For people who are transgender, having ID that correctly reflects their name and gender is not simply a matter of accuracy. For trans individuals, having accurate ID is a matter of dignity. The lack of proper ID can pose barriers and create stigma when accessing medical care, receiving mental health services, applying for social assistance, securing housing and employment, opening bank accounts, voting and travelling – all services and experiences that require proper government-issued identification.
Applications to change one’s name and gender marker can be complex and paper-intensive. Many government forms are also not trans-inclusive. Many trans youth, having been rejected by their families, are living on the streets or are precariously housed. For those who do not have access to their existing identification, the name-change process is even more complex. Out-of-province applicants and newcomers to Canada face additional hurdles. Finally, application fees are extremely prohibitive for many people – the process of making a name change application, changing one’s gender marker, ordering an amended birth certificate, and applying for new identification documents such as passports and permanent resident cards, can cost up to several hundred dollars.
In response to this need, last fall PBSC launched the Trans ID Clinic. PBSC runs the project in partnership with Blake, Cassels & Graydon LLP (Blakes) and SKETCH, a Toronto-based organization that engages young people through the arts who are navigating poverty, homelessness, and living on the margins.
The Trans ID Clinic provides free legal information and assistance with name change and gender marker change applications in a space that strives to be trans-positive, non-judgmental, anti-oppressive and inclusive. PBSC law student volunteers and lawyers from Blakes work collaboratively to assist trans youth with obtaining new pieces of identification. Justice for Children and Youth, a specialty legal clinic based in Toronto, provides legal training and ongoing support to our volunteers throughout the year.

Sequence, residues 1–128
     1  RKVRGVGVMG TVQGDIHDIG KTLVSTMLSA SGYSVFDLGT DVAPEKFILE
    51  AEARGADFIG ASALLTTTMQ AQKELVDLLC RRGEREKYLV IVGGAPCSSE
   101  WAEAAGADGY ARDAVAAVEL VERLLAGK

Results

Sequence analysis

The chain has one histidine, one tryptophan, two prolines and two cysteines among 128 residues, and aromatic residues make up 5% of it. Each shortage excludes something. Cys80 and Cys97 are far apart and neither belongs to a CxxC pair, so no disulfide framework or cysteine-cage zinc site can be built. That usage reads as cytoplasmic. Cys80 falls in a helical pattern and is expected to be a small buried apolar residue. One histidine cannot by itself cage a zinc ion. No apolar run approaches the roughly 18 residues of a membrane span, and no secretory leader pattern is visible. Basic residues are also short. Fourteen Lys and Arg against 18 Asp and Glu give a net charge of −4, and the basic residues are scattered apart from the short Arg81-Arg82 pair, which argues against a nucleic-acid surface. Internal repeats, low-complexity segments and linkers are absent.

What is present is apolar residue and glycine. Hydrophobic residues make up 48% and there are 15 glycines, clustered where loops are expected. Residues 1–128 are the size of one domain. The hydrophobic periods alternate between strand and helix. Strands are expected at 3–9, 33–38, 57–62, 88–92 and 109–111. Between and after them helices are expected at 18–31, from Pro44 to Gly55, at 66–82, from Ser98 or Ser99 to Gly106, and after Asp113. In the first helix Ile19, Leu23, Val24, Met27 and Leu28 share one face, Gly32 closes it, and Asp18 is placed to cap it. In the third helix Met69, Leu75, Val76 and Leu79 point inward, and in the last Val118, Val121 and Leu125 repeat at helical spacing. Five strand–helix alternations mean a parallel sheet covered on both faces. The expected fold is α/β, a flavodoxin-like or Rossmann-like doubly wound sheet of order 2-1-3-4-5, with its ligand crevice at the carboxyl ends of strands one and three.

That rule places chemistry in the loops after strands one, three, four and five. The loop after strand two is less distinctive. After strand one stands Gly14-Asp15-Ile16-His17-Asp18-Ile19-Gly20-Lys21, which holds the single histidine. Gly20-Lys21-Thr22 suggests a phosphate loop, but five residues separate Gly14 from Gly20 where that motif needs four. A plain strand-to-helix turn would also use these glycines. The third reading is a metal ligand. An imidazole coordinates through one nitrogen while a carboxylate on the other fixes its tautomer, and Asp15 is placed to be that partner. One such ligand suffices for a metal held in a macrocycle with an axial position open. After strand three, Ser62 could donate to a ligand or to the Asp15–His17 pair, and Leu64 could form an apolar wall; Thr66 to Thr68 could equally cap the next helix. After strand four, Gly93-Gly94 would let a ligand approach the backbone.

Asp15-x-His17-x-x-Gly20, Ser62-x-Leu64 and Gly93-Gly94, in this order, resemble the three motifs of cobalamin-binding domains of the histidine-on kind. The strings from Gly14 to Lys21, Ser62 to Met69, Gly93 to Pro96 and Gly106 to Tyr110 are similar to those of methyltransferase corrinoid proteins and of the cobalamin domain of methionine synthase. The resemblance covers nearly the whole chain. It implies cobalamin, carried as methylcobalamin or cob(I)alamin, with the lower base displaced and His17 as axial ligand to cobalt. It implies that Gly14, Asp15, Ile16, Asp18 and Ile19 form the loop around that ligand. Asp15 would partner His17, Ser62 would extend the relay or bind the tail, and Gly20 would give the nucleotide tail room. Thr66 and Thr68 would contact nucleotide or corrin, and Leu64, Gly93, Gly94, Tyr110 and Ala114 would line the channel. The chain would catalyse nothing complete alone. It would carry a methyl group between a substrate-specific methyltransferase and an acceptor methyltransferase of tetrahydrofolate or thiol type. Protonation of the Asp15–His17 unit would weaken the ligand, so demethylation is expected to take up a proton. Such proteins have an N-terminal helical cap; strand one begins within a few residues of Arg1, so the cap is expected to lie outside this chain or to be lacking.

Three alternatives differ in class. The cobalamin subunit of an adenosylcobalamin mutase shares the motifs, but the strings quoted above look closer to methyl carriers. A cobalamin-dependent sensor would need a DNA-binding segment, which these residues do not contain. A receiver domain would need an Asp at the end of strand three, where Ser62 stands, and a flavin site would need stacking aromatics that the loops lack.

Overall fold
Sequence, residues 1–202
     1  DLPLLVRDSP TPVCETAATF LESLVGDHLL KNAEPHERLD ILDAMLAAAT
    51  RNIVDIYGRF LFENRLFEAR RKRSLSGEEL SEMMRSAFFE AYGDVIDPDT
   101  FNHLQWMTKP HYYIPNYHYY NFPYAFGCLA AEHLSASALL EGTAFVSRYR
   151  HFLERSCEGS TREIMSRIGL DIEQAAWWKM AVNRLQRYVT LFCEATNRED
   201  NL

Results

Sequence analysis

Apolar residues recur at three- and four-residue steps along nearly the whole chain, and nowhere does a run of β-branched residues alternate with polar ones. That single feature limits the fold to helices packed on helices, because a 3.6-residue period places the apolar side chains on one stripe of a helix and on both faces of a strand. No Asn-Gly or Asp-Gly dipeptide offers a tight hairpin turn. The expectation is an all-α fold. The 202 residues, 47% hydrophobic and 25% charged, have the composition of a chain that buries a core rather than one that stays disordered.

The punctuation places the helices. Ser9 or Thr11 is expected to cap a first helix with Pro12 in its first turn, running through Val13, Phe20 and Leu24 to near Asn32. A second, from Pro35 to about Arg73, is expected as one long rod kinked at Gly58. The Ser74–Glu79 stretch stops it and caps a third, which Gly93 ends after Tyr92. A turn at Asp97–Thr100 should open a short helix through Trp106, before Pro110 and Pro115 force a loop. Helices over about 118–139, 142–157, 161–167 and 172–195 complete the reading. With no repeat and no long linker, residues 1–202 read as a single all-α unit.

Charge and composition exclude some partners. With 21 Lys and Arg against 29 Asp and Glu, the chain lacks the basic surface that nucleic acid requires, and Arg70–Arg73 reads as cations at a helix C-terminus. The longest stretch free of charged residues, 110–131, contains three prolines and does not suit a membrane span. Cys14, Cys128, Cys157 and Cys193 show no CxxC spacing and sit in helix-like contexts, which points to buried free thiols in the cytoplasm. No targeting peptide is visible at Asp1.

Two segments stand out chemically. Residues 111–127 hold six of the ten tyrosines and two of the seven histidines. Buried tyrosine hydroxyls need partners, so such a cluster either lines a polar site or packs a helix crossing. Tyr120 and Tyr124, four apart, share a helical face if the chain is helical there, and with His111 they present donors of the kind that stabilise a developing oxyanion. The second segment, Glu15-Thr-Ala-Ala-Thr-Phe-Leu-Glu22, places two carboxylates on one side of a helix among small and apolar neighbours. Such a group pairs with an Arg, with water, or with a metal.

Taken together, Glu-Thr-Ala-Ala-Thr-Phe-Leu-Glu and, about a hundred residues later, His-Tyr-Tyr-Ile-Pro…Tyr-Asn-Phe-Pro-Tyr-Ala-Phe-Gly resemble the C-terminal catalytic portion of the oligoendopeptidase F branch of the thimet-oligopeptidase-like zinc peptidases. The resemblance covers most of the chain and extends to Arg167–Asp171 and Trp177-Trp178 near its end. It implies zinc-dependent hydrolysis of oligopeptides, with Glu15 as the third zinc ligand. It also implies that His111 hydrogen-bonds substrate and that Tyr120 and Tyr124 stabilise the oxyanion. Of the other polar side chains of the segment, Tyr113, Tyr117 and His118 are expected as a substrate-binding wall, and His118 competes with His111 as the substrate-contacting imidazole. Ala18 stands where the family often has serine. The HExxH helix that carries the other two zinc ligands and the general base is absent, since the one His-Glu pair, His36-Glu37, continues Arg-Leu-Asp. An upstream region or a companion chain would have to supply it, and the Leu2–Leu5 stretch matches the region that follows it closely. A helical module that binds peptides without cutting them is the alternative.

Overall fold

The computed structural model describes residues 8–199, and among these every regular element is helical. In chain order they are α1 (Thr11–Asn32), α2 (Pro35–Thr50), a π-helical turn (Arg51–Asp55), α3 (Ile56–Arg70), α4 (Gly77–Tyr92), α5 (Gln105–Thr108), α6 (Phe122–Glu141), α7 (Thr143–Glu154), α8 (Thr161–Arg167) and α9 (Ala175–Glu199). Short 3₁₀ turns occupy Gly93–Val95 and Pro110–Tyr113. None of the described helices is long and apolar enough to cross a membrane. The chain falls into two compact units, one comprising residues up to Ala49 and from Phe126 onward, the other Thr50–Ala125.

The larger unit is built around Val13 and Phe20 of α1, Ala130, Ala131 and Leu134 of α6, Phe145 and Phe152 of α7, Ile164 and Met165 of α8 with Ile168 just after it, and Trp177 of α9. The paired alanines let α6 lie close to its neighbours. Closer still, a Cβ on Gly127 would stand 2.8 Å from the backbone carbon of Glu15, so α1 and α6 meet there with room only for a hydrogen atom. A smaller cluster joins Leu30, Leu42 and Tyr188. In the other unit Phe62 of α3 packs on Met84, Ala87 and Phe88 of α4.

During our inaugural year, PBSC ran a total of eight clinic sessions with a lean team of just two lawyers and two students per session. Our pilot was a great success, with a total of 22 people assisted. The majority of clients obtained help with birth certificate applications, gender marker change applications, and name change applications.
Client feedback has been overwhelmingly positive, with 94% of clients describing the experience as helpful. PBSC also received exciting news coverage that brought much-needed attention to the project. HuffPost Canada published an article highlighting the systemic barriers that trans individuals face when they seek to obtain accurate ID. Xtra produced a video focusing on the journey of one of the Clinic’s clients, Octavius, a 20-year-old artist from Toronto. Octavius tells us that changing his name is a way for him to take control of his identity. The video follows Octavius as he navigates life, art, and the process for obtaining ID that correctly reflects his name. He explains that “being able to take control of how my name makes me feel is really empowering.”
This summer PBSC is working closely with several chapters across the country to establish additional Trans ID Clinics. We very much look forward to growing this initiative and providing as much support as possible to trans folks who are searching for resources and assistance with this issue.